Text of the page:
Evaporator Humidifiers

These humidifiers work by blowing air with an internal fan through a moistened wick or filter. This releases humidity into the air invisibly and disperses fewer pollutants than other humidifiers.

However, the filters have to be frequently exchanged for the humidifier to stay safe. This could also start raking up a cost as time goes on.

Cool Mist (Impeller) Humidifiers

These devices release cool mist from fast-moving disks that rotate within it. It is crucial to use this humidifier with distilled water and clean it regularly, as it may otherwise release a large number of microorganisms into the air.

Warm Mist/Steam Vaporizers

Steam humidifiers emit water vapor that has been heated and then cooled within the machine.

As this type contains hot water, it may be dangerous to children who may touch it. Generally, this humidifier is free of bacteria and harmful minerals, as the water's boiled before it's released into the air.


Ultrasonic Humidifiers emit cool mist from ultrasonic vibrations. They are safe for children to be around and enjoy the benefit of being very quiet.

However, they are likely to spread bacteria and other harmful elements into the air if not used with distilled water or regularly cleaned with soap.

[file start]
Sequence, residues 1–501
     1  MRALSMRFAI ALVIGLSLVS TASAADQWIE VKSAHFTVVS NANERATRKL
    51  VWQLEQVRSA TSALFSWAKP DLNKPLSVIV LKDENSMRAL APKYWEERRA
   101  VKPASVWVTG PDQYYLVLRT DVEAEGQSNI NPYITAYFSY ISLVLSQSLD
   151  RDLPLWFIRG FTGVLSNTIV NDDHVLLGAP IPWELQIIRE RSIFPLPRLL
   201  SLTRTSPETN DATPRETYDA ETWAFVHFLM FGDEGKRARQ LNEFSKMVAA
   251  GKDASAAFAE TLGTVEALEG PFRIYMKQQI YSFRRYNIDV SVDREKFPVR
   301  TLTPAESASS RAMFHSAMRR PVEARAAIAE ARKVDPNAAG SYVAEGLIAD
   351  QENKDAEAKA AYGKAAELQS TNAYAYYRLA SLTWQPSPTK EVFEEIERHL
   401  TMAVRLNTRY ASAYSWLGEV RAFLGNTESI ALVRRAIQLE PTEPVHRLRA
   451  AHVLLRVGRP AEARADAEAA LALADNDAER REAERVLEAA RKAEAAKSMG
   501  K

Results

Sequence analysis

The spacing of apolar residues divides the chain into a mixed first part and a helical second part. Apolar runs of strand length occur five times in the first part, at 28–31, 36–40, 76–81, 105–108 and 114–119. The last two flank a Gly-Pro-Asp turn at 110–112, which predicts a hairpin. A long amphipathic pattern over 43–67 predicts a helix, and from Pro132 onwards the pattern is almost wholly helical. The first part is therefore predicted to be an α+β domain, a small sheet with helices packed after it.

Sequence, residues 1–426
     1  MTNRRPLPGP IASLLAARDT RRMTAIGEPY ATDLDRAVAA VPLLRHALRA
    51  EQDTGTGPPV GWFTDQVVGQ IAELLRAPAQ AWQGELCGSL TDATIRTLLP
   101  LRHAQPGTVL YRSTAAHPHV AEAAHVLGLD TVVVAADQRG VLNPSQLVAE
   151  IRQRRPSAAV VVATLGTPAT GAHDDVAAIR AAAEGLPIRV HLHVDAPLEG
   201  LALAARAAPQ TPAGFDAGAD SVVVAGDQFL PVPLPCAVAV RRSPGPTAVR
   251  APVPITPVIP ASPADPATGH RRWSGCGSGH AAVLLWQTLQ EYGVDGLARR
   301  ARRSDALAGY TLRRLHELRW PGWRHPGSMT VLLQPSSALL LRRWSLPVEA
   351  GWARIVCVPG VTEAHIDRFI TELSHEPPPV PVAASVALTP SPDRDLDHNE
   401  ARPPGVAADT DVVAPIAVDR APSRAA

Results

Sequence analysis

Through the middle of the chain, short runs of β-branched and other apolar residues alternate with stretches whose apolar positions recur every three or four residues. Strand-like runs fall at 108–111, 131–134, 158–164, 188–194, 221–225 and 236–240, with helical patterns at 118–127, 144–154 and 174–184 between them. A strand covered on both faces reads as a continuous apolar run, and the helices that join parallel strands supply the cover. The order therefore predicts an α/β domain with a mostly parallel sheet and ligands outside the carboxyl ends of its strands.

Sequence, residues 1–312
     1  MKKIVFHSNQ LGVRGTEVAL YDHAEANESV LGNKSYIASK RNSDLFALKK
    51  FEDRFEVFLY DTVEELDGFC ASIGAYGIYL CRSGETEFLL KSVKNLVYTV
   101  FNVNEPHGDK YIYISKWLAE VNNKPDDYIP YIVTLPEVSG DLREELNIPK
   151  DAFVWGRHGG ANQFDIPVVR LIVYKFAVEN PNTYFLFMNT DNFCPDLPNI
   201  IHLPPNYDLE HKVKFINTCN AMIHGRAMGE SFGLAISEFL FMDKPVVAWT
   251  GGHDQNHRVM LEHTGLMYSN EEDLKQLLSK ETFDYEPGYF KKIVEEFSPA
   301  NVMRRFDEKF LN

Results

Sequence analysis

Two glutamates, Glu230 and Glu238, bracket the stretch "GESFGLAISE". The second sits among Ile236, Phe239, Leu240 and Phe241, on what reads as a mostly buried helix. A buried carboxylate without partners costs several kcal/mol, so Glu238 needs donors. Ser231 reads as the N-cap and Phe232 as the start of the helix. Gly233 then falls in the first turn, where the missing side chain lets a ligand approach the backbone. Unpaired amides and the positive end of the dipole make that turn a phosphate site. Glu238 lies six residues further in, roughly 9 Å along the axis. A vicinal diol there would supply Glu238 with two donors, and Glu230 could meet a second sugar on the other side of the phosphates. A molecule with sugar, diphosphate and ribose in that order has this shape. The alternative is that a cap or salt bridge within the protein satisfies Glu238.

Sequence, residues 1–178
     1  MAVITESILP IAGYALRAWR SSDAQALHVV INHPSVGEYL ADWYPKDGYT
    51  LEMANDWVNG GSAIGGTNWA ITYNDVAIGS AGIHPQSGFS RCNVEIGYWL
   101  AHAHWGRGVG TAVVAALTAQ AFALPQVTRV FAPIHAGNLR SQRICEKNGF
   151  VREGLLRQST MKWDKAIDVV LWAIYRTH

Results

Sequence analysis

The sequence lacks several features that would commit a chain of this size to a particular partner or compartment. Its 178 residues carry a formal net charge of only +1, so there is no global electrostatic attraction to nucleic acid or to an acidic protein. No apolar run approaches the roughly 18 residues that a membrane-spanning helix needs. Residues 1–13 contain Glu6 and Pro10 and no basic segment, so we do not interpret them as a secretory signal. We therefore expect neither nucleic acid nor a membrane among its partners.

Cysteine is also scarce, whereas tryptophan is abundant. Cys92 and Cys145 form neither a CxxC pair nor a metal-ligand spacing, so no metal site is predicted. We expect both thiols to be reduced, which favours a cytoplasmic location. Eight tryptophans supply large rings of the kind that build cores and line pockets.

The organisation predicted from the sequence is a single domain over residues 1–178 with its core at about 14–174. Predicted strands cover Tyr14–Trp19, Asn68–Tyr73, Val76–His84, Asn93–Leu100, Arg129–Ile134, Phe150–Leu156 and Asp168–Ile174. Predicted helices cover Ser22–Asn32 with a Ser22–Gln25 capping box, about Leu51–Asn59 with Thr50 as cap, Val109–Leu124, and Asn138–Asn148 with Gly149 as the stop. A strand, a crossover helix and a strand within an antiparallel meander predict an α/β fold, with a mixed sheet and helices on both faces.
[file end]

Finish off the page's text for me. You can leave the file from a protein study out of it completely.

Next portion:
Common Mistakes to Note and Avoid

Humidifiers are safe for most people that don’t suffer from asthma or allergies. Any risks are easily reduced by avoiding these mistakes.

Ignoring Humidity Levels in the Home

The level of humidity in your home can either help or hurt your allergy symptoms if not measured carefully. Ideally, the humidity should be kept lower than 60% in summer, and between 25 and 40% in winter. 

Most humidifiers come with a built-in humidistat for measuring relative humidity, but if not, you can also buy a separate meter.

To keep your home at the right levels, keep track of these readings so that the humidity doesn’t exceed or fall below recommended values in your home. You should also try to keep moisture as consistent as possible.

Letting Humidity Exceed the Recommended Levels

It is a misconception to think that higher levels of humidity soothe cold and allergy symptoms. 

Higher humidity can help moisten the nasal passages, release mucus during a cough, and ease a sore throat.

However, if the humidity is too high, allergy symptoms may actually worsen. This is true, primarily if you have known allergies to dust mites, molds, and mildew.

These allergens grow and thrive in your home when a certain level of humidity is exceeded. As a result, check the humidity levels regularly, especially when the room feels particularly dense or moist, or if pillows feel damp.

Turn down the humidifier or keep it off until the air has dried. Keep the humidity under 40%, especially if any of the allergies mentioned above are relevant to you.

Neglecting to Clean the Humidifier